FIGURE 2 illustrates a modulator circuit 12 which utilizes a hybrid junction such as a magic T or its equivalent. Modulators 13, 14 and 16 may be of the same construction. Modulator 12 may consist of four arms 19, 21, 22 and 23 having a junction point 24. The oscillator 18 is connected to the arm 21. The signal from oscillator 18 is divided equally between the arms 19 and 22. The reference oscillator 17 is connected to the arm 23. Its signal also is divided equally between the arms 19 and 22. In modulator 12 none of the energy from the pulse oscillator 18 enters the arm 23 and none of the energy from the reference oscillator 17 enters the arm 21. A Schottky barrier mixer diode 26 or equivalent functional non-linear device is connected in the arm 22 and a similar diode 27 is connected in the arm 19. Diodes 26 and 27 are positioned at equal distances from the junction point 24. An open-ended quarter wavelength stub 28 connects to diodes 26 and 27 and to the output line 29.

In operation, the oscillator 18 signal is divided equally between lines 19 and 22. The signal in one arm 19 is 180 out of phase with the signal in the arm 22. The signal from the reference oscillator 17 is also divided equally between lines 19 and 22 but both these signals are in phase. The result being that at one of the modulator diodes the two signals are in phase and in the other they are 180 out of phase. The open-ended quarter wavelength stub 29 serves to limit the output frequency of the modulator to the diiference between the frequencies of the pulse oscillator, 18, and the reference oscillator, 17.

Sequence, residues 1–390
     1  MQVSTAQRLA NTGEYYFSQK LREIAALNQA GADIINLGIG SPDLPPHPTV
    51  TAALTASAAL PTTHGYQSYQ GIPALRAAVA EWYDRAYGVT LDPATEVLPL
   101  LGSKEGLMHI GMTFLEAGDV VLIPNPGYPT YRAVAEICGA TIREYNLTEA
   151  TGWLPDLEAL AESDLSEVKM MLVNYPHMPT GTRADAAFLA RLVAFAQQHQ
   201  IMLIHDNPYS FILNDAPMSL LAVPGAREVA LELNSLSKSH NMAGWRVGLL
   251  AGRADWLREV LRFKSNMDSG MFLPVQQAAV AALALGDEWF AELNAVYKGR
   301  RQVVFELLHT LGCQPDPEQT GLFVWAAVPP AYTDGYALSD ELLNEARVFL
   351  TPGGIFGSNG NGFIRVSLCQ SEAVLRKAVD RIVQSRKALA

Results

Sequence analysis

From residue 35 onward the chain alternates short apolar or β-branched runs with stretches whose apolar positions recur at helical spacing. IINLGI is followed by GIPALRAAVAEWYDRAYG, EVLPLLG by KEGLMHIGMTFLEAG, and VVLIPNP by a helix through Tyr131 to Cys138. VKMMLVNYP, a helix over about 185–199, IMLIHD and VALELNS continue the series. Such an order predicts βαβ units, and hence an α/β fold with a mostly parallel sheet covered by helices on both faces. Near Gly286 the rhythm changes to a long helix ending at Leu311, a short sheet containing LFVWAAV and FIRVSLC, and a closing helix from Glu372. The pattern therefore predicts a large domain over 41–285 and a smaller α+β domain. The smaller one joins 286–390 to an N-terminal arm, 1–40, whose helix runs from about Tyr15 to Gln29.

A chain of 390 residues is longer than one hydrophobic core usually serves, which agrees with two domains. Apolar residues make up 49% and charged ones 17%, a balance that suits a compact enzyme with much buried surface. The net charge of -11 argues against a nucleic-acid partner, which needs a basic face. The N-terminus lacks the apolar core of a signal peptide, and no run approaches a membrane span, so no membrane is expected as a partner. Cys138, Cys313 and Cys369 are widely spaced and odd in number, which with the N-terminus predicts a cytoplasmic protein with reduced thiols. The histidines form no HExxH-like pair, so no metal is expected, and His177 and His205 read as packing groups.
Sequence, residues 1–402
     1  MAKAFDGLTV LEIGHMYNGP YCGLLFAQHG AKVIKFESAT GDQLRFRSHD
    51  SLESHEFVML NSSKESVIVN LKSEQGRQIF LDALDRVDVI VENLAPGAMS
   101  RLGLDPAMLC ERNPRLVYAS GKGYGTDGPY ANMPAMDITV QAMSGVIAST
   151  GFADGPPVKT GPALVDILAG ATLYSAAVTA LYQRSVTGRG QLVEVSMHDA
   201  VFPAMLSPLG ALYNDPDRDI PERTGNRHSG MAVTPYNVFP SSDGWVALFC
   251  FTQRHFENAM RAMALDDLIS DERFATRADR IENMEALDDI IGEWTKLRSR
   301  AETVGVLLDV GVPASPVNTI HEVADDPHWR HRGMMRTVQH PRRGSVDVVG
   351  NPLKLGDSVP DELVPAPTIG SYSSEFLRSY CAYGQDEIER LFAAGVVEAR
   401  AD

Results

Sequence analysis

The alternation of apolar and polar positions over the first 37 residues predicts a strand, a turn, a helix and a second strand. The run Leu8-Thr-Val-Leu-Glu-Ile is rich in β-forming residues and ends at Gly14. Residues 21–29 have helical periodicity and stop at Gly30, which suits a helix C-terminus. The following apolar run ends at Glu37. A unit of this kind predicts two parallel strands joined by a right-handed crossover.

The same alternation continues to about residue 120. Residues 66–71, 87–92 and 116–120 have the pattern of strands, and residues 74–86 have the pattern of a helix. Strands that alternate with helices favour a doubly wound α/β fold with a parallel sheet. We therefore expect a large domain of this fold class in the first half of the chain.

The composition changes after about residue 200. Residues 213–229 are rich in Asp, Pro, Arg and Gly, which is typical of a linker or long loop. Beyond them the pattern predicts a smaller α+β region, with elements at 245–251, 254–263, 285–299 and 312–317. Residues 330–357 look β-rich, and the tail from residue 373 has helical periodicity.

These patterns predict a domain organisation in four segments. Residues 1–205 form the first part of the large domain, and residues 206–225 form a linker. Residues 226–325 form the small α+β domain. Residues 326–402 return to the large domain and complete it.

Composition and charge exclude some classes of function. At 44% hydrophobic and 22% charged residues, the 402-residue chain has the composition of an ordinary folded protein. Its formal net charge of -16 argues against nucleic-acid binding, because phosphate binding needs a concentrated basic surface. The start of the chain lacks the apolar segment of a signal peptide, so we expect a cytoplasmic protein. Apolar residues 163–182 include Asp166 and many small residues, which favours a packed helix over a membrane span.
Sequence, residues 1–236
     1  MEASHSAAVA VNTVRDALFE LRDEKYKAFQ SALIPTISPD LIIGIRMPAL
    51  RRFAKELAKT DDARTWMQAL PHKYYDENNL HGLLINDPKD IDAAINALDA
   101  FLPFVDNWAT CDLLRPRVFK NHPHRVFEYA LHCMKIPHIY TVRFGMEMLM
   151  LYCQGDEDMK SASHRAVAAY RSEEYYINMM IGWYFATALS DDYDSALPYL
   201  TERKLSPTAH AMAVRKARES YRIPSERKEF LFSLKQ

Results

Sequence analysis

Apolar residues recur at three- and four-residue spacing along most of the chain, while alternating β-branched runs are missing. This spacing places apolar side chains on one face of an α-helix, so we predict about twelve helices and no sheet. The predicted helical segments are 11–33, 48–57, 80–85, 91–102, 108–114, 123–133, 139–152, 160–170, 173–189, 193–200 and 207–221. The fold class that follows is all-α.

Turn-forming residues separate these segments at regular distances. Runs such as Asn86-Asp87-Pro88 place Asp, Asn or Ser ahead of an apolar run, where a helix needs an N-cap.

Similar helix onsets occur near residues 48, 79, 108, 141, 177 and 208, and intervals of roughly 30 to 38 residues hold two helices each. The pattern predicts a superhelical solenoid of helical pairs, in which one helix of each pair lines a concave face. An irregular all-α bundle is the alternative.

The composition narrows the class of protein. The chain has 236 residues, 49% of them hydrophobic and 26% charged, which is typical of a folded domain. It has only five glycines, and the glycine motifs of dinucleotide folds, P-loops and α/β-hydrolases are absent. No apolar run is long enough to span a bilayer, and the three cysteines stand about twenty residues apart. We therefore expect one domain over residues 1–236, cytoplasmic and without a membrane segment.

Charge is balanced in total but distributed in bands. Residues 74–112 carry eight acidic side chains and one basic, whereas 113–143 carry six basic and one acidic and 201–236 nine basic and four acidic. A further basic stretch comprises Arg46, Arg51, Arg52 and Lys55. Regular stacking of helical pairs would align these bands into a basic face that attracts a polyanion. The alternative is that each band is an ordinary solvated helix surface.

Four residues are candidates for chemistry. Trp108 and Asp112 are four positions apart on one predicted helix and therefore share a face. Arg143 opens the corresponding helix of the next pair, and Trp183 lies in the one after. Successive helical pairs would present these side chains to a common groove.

In FIGURE 1 the output of the conopulse oscillator 18, as applied to the modulators 12 and 14, is 90 out of phase with the output connected to the modulators 13 and 16. The output of the modulators 12 and 14 is shown vectorially in FIGURE 1 by plots 12a and 14a. Vector 14b represents the output of oscillator 17 rotating in the direction of arrow 140. The signal from conopulse oscillator 18 is represented by vector 14d rotating in the direction of arrow 14a. The same phase relations exist in plot 12a except that conopulse vector 12d rotates in the opposite direction as indicated by arrow 122.